Why Make Your Own Yogurt?
The most compelling reason to make yogurt at home is that the results are phenomenal. Even in my early stages of testing, when I could only get a single generation out of my starter before the culture failed, that first batch was unreal each and every time. The yogurt you make at home will quickly rival the best stuff you can hope to buy at the store.
It's also, from a strictly practical perspective, much more cost-effective than buying tubs of yogurt. Prices vary based on brand and location, but one major national organic brand of dairy serves as a good example: a quart of their plain full-fat yogurt costs more than six dollars, while a quart of their whole milk costs about three bucks. Since one quart of milk yields one quart of unstrained yogurt, you're spending twice as much to buy it pre-made. Given how easy it is to make it yourself and how amazing the results are, that's a pretty compelling argument.
Making Yogurt: Step-By-Step
There's more than one kind of yogurt. The style you end up with will depend on a variety of factors—the milk you use, the starter you use, the temperatures and times of the culturing process, the vessel in which you make it, and whether you strain it for an even thicker product, à la Greek yogurt and labneh (more on all of this below). By playing with the variables at your disposal, you'll be able to dial into the style you like most. It's a personal journey toward the very best yogurt of your dreams. These are the basic steps.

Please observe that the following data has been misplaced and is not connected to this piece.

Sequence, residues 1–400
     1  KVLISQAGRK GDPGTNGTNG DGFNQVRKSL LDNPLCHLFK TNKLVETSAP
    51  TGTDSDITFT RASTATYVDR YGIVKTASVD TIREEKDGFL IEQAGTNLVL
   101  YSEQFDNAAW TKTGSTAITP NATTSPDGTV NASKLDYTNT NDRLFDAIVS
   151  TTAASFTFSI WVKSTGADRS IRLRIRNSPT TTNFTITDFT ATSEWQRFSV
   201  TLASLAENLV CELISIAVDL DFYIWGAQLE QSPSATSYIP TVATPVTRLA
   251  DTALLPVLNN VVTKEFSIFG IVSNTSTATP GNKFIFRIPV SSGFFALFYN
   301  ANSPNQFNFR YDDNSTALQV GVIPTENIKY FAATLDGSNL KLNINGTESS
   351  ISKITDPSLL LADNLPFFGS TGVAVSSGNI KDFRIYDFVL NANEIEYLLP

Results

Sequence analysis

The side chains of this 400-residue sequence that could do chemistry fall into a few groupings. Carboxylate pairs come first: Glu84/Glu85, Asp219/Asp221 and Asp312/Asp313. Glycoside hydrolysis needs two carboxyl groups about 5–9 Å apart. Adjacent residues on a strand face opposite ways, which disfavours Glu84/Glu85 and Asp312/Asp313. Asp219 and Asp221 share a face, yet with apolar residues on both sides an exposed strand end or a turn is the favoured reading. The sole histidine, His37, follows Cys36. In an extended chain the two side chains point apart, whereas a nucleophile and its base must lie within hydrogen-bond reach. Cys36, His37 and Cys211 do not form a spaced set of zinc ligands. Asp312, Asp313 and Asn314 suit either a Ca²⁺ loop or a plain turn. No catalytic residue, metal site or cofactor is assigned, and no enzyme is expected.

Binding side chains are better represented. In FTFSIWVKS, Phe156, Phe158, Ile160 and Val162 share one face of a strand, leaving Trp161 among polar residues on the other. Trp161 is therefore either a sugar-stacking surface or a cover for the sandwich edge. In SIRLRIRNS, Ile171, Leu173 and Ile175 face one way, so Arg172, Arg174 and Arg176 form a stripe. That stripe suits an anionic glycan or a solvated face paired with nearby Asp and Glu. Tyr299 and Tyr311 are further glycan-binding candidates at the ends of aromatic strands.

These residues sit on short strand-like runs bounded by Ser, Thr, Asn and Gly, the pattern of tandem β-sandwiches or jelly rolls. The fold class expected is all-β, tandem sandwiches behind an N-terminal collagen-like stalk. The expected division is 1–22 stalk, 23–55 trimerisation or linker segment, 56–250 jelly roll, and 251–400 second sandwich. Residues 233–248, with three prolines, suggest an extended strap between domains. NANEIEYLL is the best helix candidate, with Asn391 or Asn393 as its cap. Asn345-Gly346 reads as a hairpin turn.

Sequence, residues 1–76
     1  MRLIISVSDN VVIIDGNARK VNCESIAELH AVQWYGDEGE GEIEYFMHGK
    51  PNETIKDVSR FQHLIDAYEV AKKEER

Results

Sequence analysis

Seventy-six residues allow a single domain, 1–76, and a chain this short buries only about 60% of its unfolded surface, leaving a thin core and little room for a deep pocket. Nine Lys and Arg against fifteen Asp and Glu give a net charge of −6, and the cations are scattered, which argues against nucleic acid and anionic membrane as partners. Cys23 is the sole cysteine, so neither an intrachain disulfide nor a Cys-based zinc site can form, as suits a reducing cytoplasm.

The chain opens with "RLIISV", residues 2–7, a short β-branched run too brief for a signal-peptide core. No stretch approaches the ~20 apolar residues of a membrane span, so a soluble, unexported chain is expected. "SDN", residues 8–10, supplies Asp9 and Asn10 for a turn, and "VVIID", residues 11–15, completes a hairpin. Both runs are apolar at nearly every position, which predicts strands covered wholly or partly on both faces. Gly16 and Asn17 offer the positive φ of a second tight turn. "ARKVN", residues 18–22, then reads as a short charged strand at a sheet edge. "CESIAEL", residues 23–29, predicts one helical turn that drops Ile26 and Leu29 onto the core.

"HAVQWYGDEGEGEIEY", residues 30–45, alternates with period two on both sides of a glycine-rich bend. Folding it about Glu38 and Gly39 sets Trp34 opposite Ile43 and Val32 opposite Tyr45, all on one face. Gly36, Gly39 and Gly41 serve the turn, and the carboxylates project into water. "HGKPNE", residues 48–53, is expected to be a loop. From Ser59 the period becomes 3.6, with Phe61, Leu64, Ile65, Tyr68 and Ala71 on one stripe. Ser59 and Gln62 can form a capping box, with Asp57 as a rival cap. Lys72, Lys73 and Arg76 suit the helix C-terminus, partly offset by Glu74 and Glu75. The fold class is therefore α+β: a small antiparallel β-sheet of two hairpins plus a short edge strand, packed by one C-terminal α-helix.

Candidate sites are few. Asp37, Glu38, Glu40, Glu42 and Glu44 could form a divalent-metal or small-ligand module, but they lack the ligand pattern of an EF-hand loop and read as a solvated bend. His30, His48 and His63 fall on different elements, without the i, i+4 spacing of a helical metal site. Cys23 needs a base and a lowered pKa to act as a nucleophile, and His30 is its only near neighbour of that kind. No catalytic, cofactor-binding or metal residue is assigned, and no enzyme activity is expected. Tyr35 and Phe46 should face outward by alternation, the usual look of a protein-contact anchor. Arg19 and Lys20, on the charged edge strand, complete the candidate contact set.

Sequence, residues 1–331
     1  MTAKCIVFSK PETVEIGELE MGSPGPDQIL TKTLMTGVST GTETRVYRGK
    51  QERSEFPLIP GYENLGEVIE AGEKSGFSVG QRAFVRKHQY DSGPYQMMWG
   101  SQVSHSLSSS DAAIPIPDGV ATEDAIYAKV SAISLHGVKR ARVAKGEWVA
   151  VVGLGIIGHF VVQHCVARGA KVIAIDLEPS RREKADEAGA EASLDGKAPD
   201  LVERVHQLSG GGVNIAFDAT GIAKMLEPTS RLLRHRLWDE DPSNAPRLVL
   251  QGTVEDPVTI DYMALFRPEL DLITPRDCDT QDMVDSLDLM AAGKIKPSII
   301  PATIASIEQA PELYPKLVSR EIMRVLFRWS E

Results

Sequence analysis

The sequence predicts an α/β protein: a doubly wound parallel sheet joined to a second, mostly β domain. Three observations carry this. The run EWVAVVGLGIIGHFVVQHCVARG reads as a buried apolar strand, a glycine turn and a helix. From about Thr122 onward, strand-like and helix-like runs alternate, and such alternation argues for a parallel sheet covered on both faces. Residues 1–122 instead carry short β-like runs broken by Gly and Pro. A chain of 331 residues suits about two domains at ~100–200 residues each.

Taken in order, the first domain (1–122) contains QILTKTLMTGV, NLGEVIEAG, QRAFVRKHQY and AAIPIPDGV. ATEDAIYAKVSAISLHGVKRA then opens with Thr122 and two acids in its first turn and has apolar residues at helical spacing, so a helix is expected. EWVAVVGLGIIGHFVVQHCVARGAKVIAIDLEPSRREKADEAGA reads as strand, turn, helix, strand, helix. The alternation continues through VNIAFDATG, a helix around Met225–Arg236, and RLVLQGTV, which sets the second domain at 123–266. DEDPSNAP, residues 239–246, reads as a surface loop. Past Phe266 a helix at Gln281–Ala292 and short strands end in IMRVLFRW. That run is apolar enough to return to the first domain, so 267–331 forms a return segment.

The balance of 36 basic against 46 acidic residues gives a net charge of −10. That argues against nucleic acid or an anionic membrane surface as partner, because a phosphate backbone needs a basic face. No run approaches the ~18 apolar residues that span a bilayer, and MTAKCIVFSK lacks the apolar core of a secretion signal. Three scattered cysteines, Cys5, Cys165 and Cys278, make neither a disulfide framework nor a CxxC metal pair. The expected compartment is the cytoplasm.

Step 1: Choose Your Milk
The milk you use will have a huge impact on your final yogurt. Let's start by looking at the obvious variables, like fat percentage. I prefer whole milk, both for yogurt and, well, life, but you can use 2%, 1%, or skim, as well. They all work. Some folks like to bulk up leaner milks with some dry nonfat milk powder (roughly from 1/3 to 3/4 cup powder per quart of milk) to thicken it, especially in the absence of luscious dairy fat. You can also thicken your yogurt by adding a small amount of unflavored gelatin (1 teaspoon per quart of milk) before scalding the milk in step four, below. You don't have to add either of these things, and I'd suggest starting out by not adding them, but it's something to play with over time as you seek your own house style.
Beyond fat percentage, there's the milk's origin and processing to consider. Most types work. You can use raw milk, if available, or pasteurized milk; grass-fed milk or milk from cows raised on feed; homogenized milk or creamline milk (Homa of White Moustache recommends stirring the cream in only after the yogurt has been made for the best texture). The one kind of milk that routinely gets a bad rap is ultra-pasteurized milk, which most major organic brands are, as well as the UHT milks that are shelf-stable at room temperature when unopened. I've managed in my tests to successfully make yogurt using ultra-pasteurized milk, but my limited success doesn't disprove the wisdom of more experienced yogurt makers that it's a more difficult kind of milk to work with. I'd avoid it.
Step 2: Choose Your Starter